Here's another simple idea that brings a smile to everyone who tries it out. Strong neodymium magnets placed behind a light switch make a great key-ring holder!
We’ve seen a few DIY examples of this. In most, a strong neodymium magnet is placed behind an existing switch-plate. It’s a simple solution that works without too much trouble.
We were a bit nervous about sticking powerful, electrically conductive magnets inside a junction box with live, exposed wires in it. If that magnet starts moving around in there, it’s possible to short something out. If you use this simple approach, please be sure to make sure that magnet isn’t touching any conductors!
Warning! If you remove the switch-plate from a switch, you now have access to dangerous, exposed electrical wiring. If you don’t know what you’re doing, consult a qualified electrician. Even if you do, please turn off power to the switch using the proper circuit breaker before doing any work. Please don't electrocute yourself.
To illustrate the idea safely, we thought some of our plastic coated magnets might work. We used a pair of B888PC-PUR magnets side-by-side with some success, but found it difficult to fit alongside some switches. Depending on the size of the actual switch, there wasn't always a 1/2" gap of space left for magnets to fit.
We looked at a few other options, but didn’t like fingers or magnets so close to live electrical current.
For a better magnetic solution, we 3D printed a custom switch-plate with a little extra space at the bottom for a few magnets. Like the magnetic knife holder we made, a number of magnets in a row works best. The poles facing out are alternating (north, south, north, south, etc.), making the field strength quite strong where the magnets meet. This provides more pull force to the small amount of steel available in a typical key-chain ring.
Since most keys are made of brass, the keys themselves don’t stick to magnets. Only the steel ring is attracted. The steel ring is thin, which limits the total force you can feel, even with a very large magnet.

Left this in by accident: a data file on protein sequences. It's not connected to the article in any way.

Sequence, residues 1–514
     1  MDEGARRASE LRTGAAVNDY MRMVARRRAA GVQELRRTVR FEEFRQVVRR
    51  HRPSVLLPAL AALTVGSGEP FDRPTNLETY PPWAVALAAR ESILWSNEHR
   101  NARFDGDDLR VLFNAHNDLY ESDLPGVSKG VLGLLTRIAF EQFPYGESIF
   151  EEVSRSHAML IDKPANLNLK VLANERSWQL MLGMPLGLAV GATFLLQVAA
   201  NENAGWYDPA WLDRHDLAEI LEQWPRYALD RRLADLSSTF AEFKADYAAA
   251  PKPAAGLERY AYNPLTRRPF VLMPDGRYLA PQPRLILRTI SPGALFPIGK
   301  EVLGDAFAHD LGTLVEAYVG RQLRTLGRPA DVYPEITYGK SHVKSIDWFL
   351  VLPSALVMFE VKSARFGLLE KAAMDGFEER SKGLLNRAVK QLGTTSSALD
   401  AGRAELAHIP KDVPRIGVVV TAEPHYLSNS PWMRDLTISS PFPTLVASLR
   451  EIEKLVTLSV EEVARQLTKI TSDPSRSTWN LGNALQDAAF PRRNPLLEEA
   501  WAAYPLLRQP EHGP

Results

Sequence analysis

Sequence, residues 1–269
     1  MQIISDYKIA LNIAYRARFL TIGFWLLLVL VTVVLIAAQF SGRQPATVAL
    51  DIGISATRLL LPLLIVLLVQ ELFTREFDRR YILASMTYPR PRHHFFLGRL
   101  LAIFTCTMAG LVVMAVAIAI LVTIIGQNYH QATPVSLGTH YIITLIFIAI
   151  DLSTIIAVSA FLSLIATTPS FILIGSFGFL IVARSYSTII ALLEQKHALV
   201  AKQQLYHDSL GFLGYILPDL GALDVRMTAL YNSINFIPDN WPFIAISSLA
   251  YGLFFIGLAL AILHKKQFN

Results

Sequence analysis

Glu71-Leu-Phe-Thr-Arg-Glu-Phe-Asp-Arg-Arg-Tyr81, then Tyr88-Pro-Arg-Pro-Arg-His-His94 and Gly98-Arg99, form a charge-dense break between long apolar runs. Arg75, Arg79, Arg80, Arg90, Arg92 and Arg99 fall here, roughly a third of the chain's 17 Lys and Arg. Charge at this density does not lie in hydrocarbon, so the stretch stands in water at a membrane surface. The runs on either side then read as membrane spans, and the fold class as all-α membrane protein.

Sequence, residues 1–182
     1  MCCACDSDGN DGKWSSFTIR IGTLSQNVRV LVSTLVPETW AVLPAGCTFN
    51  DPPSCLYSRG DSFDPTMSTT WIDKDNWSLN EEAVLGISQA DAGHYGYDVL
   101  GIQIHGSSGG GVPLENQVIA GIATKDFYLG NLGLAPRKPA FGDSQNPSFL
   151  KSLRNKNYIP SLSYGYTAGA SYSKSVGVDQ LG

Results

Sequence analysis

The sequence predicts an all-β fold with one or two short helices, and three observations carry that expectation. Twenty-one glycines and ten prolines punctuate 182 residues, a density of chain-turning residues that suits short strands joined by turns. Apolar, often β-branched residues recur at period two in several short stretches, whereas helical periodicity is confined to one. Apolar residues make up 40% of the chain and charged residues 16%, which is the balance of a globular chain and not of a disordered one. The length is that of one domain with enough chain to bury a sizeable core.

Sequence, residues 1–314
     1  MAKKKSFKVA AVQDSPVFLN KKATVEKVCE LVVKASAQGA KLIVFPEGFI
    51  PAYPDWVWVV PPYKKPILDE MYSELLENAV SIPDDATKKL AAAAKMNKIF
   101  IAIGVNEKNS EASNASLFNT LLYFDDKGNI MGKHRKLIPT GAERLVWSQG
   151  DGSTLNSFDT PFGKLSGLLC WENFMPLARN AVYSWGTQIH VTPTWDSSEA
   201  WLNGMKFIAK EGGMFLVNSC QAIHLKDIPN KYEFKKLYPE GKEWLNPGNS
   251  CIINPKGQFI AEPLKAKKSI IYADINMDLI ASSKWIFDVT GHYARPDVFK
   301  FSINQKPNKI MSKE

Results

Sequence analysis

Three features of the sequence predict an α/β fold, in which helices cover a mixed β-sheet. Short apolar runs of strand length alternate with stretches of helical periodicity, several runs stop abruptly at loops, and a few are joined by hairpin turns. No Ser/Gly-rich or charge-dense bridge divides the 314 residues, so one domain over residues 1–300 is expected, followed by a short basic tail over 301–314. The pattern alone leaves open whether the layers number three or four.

We ultimately used 5 B884 magnet blocks, each ½” x ½” x ¼” thick. Check out our results! The video below shows a sped-up version of the printing process, plus some quick demonstrations at the end.
While we showed the idea with a plastic, 3D printed switch-plate, you can certainly construct yours in other ways. You might modify an off-the-shelf switch-plate. They make some oversized ones that might work quite well for this. Also, a simple wood switch-plate might be crafted with much nicer quality.
What about a really quick and easy version, without a complicated construction project? We like attaching a simple countersunk magnet with the screws that are already used on the switchplate. If they're long enough, you can attach a magnet with the same screw. Pictured is a durable, plastic coated RX034DCSPC-BLK ring magnet, but you could use other magnets like a 3/4" diameter RC22CS-N or 1" diameter RX033CS-N.
In a fun variation of the homopolar motor, we create a self-propelled car out of an AA battery, a few magnets and aluminum foil.
Follow along as the guys at K&J make a magnetic cannon...
This article provide a brief description for the many magnetic demonstrations we presented. Regular readers of the K&J blog might recognize a number of these from earlier articles. We thought listing them all together here might help answer some common questions we receive:
A few of the guys at K&J Magnetics have gone fishing; magnet fishing, that is! Join us as we try using magnets to grab metal objects hidden underwater.